Ship Bottom Accountant Ray Ciccone Tapped for Knowledge on Trump Finances

Oct 05, 2016
Photo by: Jack Reynolds

Ship Bottom accountant Ray Ciccone of Ciccone, Gotthold and Koseff has been interviewed on television news recently because of his former business associations with Republican presidential candidate Donald Trump.

Ciccone worked with Trump from 1983 to 1995, handling his casino accounting as part of the Arthur Andersen firm.

Ciccone did not prepare the 1995 state income tax forms for New Jersey, New York and Connecticut that appeared in the New York Times on Saturday. The article revealed Trump tax information that the candidate has declined to release, sparking a news and political feeding frenzy when it was reported Trump declared a $916 million loss that year that could have enabled him to avoid paying personal income taxes for a number of years.

On Sunday’s NBC Nightly News with Halle Jackson, Ciccone explained that in the world of business finance, the income tax declaration is “not a big deal.”

“It’s not really a big deal. I think it’s a big deal that no one has seen his tax returns; then all of a sudden you are getting a snippet of his operating loss, which if you are familiar with these kinds of things, that is not a big deal,” Ciccone told NBC.

On Monday morning he traveled to Philadelphia to appear on MSNBC news with correspondent Katy Tur and explained how the tax code allows businesses to depreciate their holdings over a number of years.

“First of all, a tax loss is different from a cash loss,” said Ciccone. “Tax laws allow you to deduct certain things – it may not be an outlay of cash. (For instance) if you build a $500 million building, you can depreciate for that building, and that loss gets carried through to your personal return.

“Every entity he (Trump) owns is either an S corporation or an LLC and you don’t pay tax on that level. You pay tax only one time on your income tax.

“In that time period (1995) he was at the height of building his buildings; he was making big capital investments, whether funds were borrowed or whatever. Let’s say at the end of the first year you have a loss – it goes to his personal income. The difference is carried back three years for a refund or it is carried forward 15 years. If you have generated a loss in an earlier year, the tax law allows it to go to your personal return and maybe the next year you have another loss that gets carried forward, too, and it keeps going. We don’t know yet if the $915 million was carried forward for many, many, years and how much (of that loss) got used up.”

On Tuesday, Ciccone elaborated on his association with Trump to The SandPaper.

“I served as his accountant in a variety of capacities,” he said. “But I never did his tax returns. … His income taxes were done by a really small firm located in Brooklyn, the same firm that his father used. The New York Times tracked down the guy; he’s retired in Florida (Jack Mitnick).”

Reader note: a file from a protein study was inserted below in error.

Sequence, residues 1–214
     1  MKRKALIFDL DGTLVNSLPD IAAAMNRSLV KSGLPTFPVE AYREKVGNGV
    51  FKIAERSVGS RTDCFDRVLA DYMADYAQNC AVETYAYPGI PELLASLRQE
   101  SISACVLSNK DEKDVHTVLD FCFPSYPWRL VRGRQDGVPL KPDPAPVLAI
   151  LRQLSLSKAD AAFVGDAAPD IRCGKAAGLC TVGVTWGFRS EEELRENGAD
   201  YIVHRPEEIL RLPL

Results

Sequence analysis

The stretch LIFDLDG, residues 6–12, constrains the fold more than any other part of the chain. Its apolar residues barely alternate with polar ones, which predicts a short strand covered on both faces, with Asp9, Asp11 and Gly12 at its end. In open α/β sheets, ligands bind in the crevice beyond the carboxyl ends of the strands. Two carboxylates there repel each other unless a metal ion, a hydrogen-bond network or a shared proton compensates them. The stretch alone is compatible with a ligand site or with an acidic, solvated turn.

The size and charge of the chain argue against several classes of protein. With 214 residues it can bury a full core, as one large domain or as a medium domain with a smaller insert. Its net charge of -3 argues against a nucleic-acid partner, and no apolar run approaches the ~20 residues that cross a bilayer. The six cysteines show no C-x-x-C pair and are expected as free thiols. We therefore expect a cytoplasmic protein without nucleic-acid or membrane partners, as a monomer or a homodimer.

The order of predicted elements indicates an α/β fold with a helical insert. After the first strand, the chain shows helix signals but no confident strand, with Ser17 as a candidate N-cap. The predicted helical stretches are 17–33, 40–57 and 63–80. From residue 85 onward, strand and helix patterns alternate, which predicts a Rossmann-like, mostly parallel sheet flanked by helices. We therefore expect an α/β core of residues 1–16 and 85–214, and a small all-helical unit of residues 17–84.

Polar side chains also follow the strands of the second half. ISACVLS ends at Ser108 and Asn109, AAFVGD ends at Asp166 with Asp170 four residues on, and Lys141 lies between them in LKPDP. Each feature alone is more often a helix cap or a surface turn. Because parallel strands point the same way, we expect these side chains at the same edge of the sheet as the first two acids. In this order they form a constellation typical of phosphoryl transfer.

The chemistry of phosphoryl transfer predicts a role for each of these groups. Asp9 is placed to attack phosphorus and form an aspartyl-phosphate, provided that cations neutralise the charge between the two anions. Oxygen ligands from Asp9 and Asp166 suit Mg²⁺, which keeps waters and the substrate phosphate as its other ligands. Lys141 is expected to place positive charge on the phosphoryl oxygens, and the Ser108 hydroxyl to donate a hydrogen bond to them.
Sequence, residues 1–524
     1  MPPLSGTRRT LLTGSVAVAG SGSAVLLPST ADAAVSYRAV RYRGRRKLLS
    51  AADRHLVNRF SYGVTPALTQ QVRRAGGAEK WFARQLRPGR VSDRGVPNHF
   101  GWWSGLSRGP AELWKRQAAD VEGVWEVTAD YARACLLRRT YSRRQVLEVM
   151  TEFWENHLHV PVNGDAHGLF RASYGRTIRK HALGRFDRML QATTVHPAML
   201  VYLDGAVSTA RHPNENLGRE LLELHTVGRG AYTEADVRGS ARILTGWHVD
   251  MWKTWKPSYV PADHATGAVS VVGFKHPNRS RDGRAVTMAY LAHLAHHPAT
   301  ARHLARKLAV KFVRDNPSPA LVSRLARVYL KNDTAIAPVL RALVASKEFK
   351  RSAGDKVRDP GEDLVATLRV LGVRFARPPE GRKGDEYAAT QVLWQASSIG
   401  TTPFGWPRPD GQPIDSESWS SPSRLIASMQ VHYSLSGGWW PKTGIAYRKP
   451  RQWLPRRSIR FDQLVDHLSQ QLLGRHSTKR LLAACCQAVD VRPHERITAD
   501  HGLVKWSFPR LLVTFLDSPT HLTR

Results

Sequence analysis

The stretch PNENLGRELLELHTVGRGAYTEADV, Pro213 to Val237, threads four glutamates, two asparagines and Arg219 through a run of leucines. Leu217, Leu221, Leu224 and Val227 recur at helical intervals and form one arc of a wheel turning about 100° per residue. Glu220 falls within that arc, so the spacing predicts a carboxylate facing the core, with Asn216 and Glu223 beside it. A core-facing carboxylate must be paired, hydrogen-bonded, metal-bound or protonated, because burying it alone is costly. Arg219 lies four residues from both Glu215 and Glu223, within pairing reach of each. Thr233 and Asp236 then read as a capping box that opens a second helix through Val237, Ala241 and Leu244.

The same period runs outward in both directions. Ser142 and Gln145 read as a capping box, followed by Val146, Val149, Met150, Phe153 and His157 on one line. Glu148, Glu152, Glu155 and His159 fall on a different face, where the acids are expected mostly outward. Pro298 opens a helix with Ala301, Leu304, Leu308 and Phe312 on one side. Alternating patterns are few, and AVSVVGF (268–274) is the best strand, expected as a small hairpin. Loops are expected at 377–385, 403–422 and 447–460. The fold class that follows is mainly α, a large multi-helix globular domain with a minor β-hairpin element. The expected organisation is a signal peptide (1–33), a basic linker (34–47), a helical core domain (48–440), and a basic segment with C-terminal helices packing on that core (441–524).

What does using his father’s accountant say about Trump?

“He is very loyal and very personal,” said Ciccone.

“How did I get his business? That’s an interesting story. The first 10 years of my career I worked at the Arthur Andersen firm that did all the casino work. They dominated the casino industry; they did Harrah’s, Caesars, Hilton and MGM. When Donald got into the casino business, he was very young and he did a joint venture with Harrah’s that was owned by Holiday Inn, a client of ours. We inherited Ivana Trump (as a client). Trump had bought the Trump Marina that became the Golden Nugget and she wanted to run it. I’m a casino expert in accounting and worked with her, and then he asked for me and that started our close association.

“I did audits of his casinos and those are “flow-through” entities, which means they show up on income tax returns.”

How did NBC news connect with Ciccone? “I was contacted Sunday morning after the New York Times article was published. I think the news must have producers digging into files when a story breaks and they found an article on me, as I had a long association with him (Trump). I went to his wedding; we had a very close business association at one time.”

Trump surrogates such as Rudy Giuliani have termed Trump a “genius” in regards to the revelations about his tax situation. To the question “Is Trump a financial genius or are you the financial genius?” Ciccone said that was an unfair question. He also would not reveal if he is voting for Trump for president.

“I’m not doing any business with him at present, but we keep in touch,” said Ciccone. “I haven’t heard from him since I appeared on television.”

— Pat Johnson

patjohnson@thesandpaper.net

 

 

 

 

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